Tony Ward: It pains me to say it, but Scarlets’ massacre of our best sides is good for the game
I heard it suggested in the immediate aftermath of the Guinness Pro12 final that although the Scarlets deserved to win, the Welshmen were flattered by the scoreline. Get a grip.
This was a rugby massacre. I'll try to be fair and constructive here. Munster were awful in the Aviva Stadium on Saturday, every bit as bad as Leinster had been just around the corner against the same opposition eight days earlier.
But first we should acknowledge another scintillating display of attacking rugby from the Scarlets - the most complete unit in the Pro12.
From an Irish viewpoint, thank God the Welsh national team doesn't play like that.
I was attracted to rugby in the late '60s and early '70s when the Welsh played with such elan. Yes, it was built on the steel of men from Pontypool, Newport, Aberavon and Swansea, but central to the winning style was the panache of Cardiff and Llanelli.
For Ray Gravell, JJ Williams, Phil Bennett, Barry John et al then, read Liam Williams, Jonathan Davies, Scott Williams, Steff Evans, Rhys Patchell and Gareth Davies now.
Wales is still my favourite rugby-playing nation. World Rugby needs the Welsh at their best, and so too the Pro12. What transpired over the last fortnight is good for the game at every level.
The Scarlets didn't just beat the best of the Irish, they demolished us Paddies. They are worthy successors to Glasgow Warriors and Connacht as Pro12 champions from outside the recent strongholds.
Coach Wayne Pivac has inspired the Scarlet revolution in the same way that Gregor Townsend and Pat Lam worked wonders with Glasgow and Connacht respectively.
I'd like to think he will eventually get the Welsh job; I love the way he goes about his business.
But back to Munster. Where to begin? As I watched this great rugby institution being systematically taken apart, it reminded me of the 33-10 massacre at Saracens two years ago.
The defeat to the same opposition in the Aviva last month was bad, but that day in Allianz Park was the lowest of the low.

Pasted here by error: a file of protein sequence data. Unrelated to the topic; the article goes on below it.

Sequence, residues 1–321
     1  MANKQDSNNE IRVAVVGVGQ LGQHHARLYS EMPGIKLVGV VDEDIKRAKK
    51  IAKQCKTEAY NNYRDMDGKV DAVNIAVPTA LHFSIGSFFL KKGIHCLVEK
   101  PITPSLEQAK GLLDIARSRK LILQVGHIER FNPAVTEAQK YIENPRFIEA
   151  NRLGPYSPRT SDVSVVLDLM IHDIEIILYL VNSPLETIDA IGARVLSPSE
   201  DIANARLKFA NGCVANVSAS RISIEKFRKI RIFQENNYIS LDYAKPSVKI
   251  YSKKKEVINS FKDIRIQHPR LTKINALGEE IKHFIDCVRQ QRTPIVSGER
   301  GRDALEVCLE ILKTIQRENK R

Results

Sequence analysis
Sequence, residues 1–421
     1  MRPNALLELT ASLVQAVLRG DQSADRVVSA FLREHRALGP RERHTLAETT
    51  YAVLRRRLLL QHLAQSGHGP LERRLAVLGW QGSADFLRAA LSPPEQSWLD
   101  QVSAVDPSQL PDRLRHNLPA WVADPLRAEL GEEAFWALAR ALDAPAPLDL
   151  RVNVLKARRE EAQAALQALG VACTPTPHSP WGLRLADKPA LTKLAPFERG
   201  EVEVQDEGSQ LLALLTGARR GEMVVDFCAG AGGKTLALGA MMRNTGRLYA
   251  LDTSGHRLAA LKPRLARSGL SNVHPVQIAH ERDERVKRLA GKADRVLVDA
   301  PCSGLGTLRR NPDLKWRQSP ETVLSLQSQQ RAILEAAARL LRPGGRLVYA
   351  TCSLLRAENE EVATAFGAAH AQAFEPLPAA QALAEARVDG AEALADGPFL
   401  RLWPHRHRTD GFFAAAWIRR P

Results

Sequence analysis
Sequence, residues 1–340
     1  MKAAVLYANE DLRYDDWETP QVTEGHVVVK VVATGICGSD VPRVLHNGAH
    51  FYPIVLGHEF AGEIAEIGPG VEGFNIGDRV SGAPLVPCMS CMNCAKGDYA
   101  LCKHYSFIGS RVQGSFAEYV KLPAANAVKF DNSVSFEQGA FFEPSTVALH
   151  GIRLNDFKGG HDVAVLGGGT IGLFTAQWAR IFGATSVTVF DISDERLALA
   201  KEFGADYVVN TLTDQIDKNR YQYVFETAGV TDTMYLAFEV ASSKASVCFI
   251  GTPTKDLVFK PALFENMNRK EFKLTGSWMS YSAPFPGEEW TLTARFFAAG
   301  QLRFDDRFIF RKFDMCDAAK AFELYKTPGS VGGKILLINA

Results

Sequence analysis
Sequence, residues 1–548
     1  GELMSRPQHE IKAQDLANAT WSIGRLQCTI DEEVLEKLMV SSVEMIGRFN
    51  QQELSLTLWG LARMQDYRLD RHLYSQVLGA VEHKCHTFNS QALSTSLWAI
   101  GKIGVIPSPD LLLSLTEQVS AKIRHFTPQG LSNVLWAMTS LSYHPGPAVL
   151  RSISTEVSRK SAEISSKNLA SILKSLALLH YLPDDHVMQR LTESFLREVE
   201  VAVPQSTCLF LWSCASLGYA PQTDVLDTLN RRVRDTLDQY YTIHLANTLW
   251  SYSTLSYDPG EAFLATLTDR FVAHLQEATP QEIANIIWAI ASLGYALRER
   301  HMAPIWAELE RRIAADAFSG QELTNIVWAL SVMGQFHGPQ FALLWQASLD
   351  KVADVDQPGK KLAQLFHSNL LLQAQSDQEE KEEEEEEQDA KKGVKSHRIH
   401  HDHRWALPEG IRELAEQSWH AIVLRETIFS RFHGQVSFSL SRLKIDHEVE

On Saturday in the Aviva it felt the same because Munster had the advantage of studying in forensic detail what the Scarlets did to Leinster and still they couldn't cope.
Whatever way you dress it up, it doesn't strike me as very professional.
This was the polar opposite to that day and that display in Thomond against Glasgow back in October.
I don't accept Simon Zebo's line that "the occasion got to us". Give us a break.
Aside from Francis Saili- who, injury allowing, has been unfairly treated all season - Andrew Conway, and to a lesser extent Conor Murray, the rest weren't mapped.
Maybe it is connected to the ankle injury he shipped against Toulouse, but CJ Stander has recently been a shadow of the player we know him to be.
As for Tyler Bleyendaal, despite his try, this was a second below-par performance on the biggest stage at the Aviva. The jury is set to remain out for a significant time to come.
I sat in the stand on Saturday puzzled during that lop-sided first-half while the crowd around me clapped as first Bleyendaal and then Zebo kicked away possession in the attacking half into touch.
What possesses a team to kick away possession and give the opposition free ball, especially when that opposition has a smoothly-functioning line-out?
In that department, and in many other key respects (not least his try), just how good was Tadhg Beirne? I fully support those wild geese who of necessity travel abroad to follow the dream, learn the trade and make good.
Hats off to the Kildare man, who was simply immense.
The inability to track off Saili's step and offload summed up a side bereft in attack. Munster need to invest in a top-quality centre irrespective of Irish-qualified status.
And by top quality I mean an established international who much like Dougie Howlett will fit into the Munster culture and help develop the next generation of centres.
To reach a European semi-final and Pro12 decider in this incredibly emotional season represents some achievement for Rassie Erasmus, but in the final analysis 'the emperor had no clothes' and the attacking cupboard bare.